A Lunar Liquid Mirror Telescope (LLMT) is under study thanks to a grant from NASA. J. Roger Angel, a regents professor at the University of Arizona, is leading a project to study the feasibility of a 100 meter LLMT at the moon's south pole.
Why liquid mirrors? Ever since 1668, when Isaac Newton built the first reflector telescope with a one-inch diameter mirror made of metal, astronomers have longed for bigger parabolic mirrors. Opticians expend a great deal of effort to grind larger and larger pieces of glass to just this shape.
Liquid Mirror Telescopes were first talked about several hundred years ago. Imagine a bowl of mercury at the center of a lazy susan. When you give it a spin, the surface of the liquid forms that highly prized shape - a parabola. The bigger the bowl, the bigger the resulting mirror.
The first serious attempts to actually build a LMT took place in the early twentieth century. Robert W. Wood, a physicist at Johns Hopkins University, built a working telescope, but could not accurately control the speed of the turntable, resulting in a mirror with a variable focal length. (The rotation must be controlled to less than one part in 100,000 during exposure.) Pictures of star trails were focused in some places, but blurry in others.
The LMT concept has been made to work. The Large Zenith Telescope at the University of British Columbia uses a 6-meter mirror, making it the third largest optical telescope in North America. It was built at a cost of approximately $1 million. A telescope with a conventional glass mirror of the same size would cost $100 million.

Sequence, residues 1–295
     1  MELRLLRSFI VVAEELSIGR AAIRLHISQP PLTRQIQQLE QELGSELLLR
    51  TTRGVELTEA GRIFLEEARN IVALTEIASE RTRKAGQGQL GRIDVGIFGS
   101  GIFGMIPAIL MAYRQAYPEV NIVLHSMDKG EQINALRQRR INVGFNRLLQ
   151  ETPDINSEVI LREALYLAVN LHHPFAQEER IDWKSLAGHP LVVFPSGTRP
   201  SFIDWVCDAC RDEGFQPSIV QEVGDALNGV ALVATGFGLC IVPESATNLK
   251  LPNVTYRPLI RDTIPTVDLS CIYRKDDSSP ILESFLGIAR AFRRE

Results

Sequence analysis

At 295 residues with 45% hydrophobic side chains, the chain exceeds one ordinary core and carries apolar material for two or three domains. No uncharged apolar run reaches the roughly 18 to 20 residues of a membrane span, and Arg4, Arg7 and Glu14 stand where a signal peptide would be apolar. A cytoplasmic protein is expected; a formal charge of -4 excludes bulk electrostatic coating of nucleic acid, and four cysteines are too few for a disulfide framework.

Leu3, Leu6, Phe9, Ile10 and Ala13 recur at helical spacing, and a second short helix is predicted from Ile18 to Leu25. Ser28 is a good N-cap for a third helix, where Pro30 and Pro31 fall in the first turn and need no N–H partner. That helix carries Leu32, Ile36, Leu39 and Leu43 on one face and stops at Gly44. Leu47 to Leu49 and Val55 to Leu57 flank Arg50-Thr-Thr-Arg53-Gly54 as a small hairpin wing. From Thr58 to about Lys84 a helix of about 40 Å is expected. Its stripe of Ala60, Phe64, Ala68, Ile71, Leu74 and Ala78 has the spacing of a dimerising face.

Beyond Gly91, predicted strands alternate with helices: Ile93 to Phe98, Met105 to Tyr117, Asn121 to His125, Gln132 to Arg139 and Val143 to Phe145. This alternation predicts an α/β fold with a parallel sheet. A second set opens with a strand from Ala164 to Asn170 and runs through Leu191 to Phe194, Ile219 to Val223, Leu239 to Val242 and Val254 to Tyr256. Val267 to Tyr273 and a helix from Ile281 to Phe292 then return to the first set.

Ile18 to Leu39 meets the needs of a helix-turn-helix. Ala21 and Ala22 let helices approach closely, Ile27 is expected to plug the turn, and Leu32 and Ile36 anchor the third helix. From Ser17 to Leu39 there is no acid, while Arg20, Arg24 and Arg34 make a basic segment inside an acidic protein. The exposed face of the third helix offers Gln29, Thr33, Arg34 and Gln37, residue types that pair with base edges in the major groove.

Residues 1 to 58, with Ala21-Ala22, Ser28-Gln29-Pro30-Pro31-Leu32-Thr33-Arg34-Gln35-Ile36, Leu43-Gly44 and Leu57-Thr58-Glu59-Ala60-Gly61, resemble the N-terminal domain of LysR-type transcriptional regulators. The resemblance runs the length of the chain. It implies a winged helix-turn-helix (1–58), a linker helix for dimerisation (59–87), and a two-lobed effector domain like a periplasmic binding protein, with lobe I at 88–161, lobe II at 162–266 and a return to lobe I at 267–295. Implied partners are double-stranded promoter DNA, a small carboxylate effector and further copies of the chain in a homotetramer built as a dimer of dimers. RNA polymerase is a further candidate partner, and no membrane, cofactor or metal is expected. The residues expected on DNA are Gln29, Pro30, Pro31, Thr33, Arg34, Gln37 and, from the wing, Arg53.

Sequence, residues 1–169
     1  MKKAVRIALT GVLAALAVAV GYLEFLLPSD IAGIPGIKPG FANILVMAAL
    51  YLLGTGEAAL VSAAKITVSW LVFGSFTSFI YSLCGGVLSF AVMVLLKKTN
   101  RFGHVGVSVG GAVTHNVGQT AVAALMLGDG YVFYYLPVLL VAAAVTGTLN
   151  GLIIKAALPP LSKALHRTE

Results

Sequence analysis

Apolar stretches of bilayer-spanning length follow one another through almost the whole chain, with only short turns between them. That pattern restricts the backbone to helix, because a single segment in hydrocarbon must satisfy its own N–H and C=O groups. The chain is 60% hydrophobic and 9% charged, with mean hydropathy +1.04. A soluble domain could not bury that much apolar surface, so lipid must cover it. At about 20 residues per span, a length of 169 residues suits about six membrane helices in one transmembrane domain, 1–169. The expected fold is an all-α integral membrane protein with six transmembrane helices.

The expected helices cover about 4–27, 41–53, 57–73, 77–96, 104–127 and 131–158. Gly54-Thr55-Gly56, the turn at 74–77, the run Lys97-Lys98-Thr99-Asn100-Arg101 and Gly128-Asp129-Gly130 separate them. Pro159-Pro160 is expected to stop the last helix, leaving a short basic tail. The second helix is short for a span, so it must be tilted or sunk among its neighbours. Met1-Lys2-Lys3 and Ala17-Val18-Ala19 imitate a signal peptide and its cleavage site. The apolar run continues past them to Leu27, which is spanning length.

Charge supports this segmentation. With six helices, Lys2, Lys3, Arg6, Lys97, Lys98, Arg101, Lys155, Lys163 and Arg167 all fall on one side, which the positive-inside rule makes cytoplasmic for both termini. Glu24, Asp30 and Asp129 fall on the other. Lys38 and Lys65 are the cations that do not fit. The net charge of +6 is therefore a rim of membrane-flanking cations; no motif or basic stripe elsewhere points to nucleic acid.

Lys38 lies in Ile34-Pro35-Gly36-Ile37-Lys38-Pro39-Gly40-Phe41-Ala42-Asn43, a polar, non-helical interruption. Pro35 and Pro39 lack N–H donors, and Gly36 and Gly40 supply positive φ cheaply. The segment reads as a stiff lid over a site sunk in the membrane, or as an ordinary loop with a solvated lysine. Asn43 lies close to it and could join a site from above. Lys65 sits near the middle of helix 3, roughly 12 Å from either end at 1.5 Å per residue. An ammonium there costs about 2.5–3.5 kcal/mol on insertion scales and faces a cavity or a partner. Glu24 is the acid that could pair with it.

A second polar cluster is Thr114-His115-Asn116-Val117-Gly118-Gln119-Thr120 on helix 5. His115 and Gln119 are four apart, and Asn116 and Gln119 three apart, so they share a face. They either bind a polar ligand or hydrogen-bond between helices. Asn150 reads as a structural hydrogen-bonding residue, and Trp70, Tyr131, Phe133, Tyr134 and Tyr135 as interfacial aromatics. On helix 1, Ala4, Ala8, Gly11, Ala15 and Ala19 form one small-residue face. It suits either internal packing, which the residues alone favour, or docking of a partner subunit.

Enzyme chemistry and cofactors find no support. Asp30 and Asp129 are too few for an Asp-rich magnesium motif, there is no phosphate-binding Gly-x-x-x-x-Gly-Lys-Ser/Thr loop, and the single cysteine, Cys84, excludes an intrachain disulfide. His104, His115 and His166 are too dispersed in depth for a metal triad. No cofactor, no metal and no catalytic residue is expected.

It is hoped that similar savings might apply when constructing telescopes on the moon. In addition, the moon is completely free from atmospheric absorptions and distortion.
The only disadvantage of the LMT is that you cannot tilt it; it must remain perpendicular to the local gravitational field. You can only use it to look at what is directly above the telescope; however, a mirror of this size could take a very penetrating look at its patch of sky.
"You would be seeing things farther back in time than
anyone has ever seen any galaxy or star or quasar," [Angel] explained.
"It could give you a chance to see what was happening at a very early
(From J. Roger Angel and the LLMT)
Obviously, for such a project to be attempted, there would need to be substantial infrastructure already im place on the moon. As Dr. Angel remarked, "You could not justify that kind of infrastructure (just) to build this kind of telescope, but if the infrastructure already were there, this is something that looks feasible to do."
There is a very early reference to a large liquid mirror telescope in science fiction; but this LMT is on Mars, not the moon. In his excellent 1934 novella Old Faithful, author Raymond Z. Gallun writes about a Martian named 774, who has a desperate need to contact Earth:
Piercing the dome, opposite the upper end of the cylinder,
was a circular opening through which a portion of the starlit sky was visible;
and at the base of the cylinder a great bowl rotated rapidly, like a huge
wheel... The bowl contained mercury. As the container spun on its perfectly
balanced axis, centrifugal force caused the mercury to spread in a thin,
precisely distributed layer over the inside of the bowl, forming a concave
surface that acted admirably as a mirror for Number 774's gigantic reflecting
telescope. It's area, and its consequent light-gathering capacity, was many
times greater than any rigid mirror that could have been constructed without
(Gallun appears to err in his use of the LMT; read more about the Martian LMT)
(This Science Fiction in the News story used with permission from Technovelgy.com - where science meets fiction.)